The list below contains our recently published decisions, with the latest at the top.
An item on Seven Sharp reported the predictions of a climate scientist about the impacts of climate change on New Zealand by the year 2100, and included the opinion of a climate change health expert about the health risks associated with the predicted changes. The complainant argued that the item was misleading and unbalanced because the claims were presented as ‘fact’ and ‘inevitable’ rather than as ‘extreme projections’. The Authority did not uphold the complaint that the item was inaccurate, as it clearly consisted of opinion and predictions, and was not presented as fact. A majority of the Authority was satisfied that the item did not breach the balance standard, finding that the nature of the programme and the topic meant that viewers would have interpreted the predictions with some scepticism and would be aware of different positions in the debate about climate change. The minority felt, however, that the broadcaster made no effort to present significant alternative points of view in an item which discussed a highly controversial issue.
Not Upheld: Accuracy, Responsible Programming
Not Upheld (by majority): Controversial Issues
The hosts of the Jase and Dave Drive Show on Classic Hits joked about a ‘sex drive-in’ in Switzerland and made humorous comparisons with a fast food drive-through. The Authority did not uphold the complaint that the use of sexual innuendo was inappropriate for broadcast. No coarse language was used and inexplicit sexual innuendo is permissible during children’s listening times. The host also indicated the topic may be unsuitable for younger listeners, giving parents and caregivers an opportunity to exercise discretion.
Not Upheld: Good Taste and Decency, Responsible Programming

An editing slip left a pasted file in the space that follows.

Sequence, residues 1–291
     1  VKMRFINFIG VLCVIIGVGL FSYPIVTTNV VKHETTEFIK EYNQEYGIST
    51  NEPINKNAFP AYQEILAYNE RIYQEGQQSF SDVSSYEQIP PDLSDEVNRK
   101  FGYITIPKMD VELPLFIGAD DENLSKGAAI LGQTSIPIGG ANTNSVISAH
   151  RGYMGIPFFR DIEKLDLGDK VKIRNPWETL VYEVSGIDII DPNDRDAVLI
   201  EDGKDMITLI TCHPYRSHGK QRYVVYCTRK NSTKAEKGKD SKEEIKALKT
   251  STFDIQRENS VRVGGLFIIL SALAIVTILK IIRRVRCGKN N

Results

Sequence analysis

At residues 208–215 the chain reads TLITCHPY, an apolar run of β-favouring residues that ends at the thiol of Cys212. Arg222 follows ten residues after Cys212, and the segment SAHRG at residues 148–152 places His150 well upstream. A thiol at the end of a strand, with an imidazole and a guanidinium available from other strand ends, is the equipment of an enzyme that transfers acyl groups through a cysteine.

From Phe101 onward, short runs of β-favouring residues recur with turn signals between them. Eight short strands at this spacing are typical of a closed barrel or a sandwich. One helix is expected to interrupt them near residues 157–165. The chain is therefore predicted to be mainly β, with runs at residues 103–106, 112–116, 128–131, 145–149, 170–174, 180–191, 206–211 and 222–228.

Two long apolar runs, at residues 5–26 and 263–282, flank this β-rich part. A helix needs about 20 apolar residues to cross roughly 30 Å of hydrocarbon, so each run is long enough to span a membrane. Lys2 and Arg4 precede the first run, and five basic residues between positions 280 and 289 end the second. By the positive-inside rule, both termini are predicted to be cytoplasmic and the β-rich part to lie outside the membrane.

The host of talkback programme Canterbury Mornings expressed the view that parking wardens in Christchurch were ‘scum’ for ticketing people in the central city, after everything they had been through with the earthquakes. The Authority did not uphold the complaint that the host’s comments were unacceptable, irresponsible and denigrated parking wardens. The comments related to a legitimate issue and were well within the host’s right to free speech, especially given that talkback radio is recognised as a robust and opinionated environment. A caller also challenged the host, so listeners were given a countering perspective.
Not Upheld: Good Taste and Decency, Discrimination and Denigration, Responsible Programming
During a late night talkback programme with a fill-in host, a caller expressed her attitude to the Royal family by reference to what she described as ‘Charles raping Diana’. The host challenged this and asked her what she meant. She spoke about how the Queen ‘devised the “three in the bed” scenario’ and how she felt sorry for Diana. The Authority did not uphold the complaint that the reference to rape was unacceptable and the host should have terminated the call. It appeared the caller did not mean ‘rape’ in the literal sense, the conversation was not unduly offensive in the context of a late night talkback programme, and the host acted responsibly by asking the caller to clarify her point.
Not Upheld: Good Taste and Decency
A 3 News item reported on newly released statistics showing a decline in the number of abortions performed in New Zealand. It included one possible reason why, put forward by the Abortion Law Reform Association of New Zealand. The Authority did not uphold the complaint that the item was unbalanced because it did not also include the ‘pro-life’ perspective on why the rates were declining. While abortion is a controversial issue of public importance, the fact abortion rates have declined is not, and there has not been any significant debate about the reasons for the decrease. The broadcaster was not required to canvass perspectives for and against abortion given the item was a straightforward report on new statistics.
Not Upheld: Controversial Issues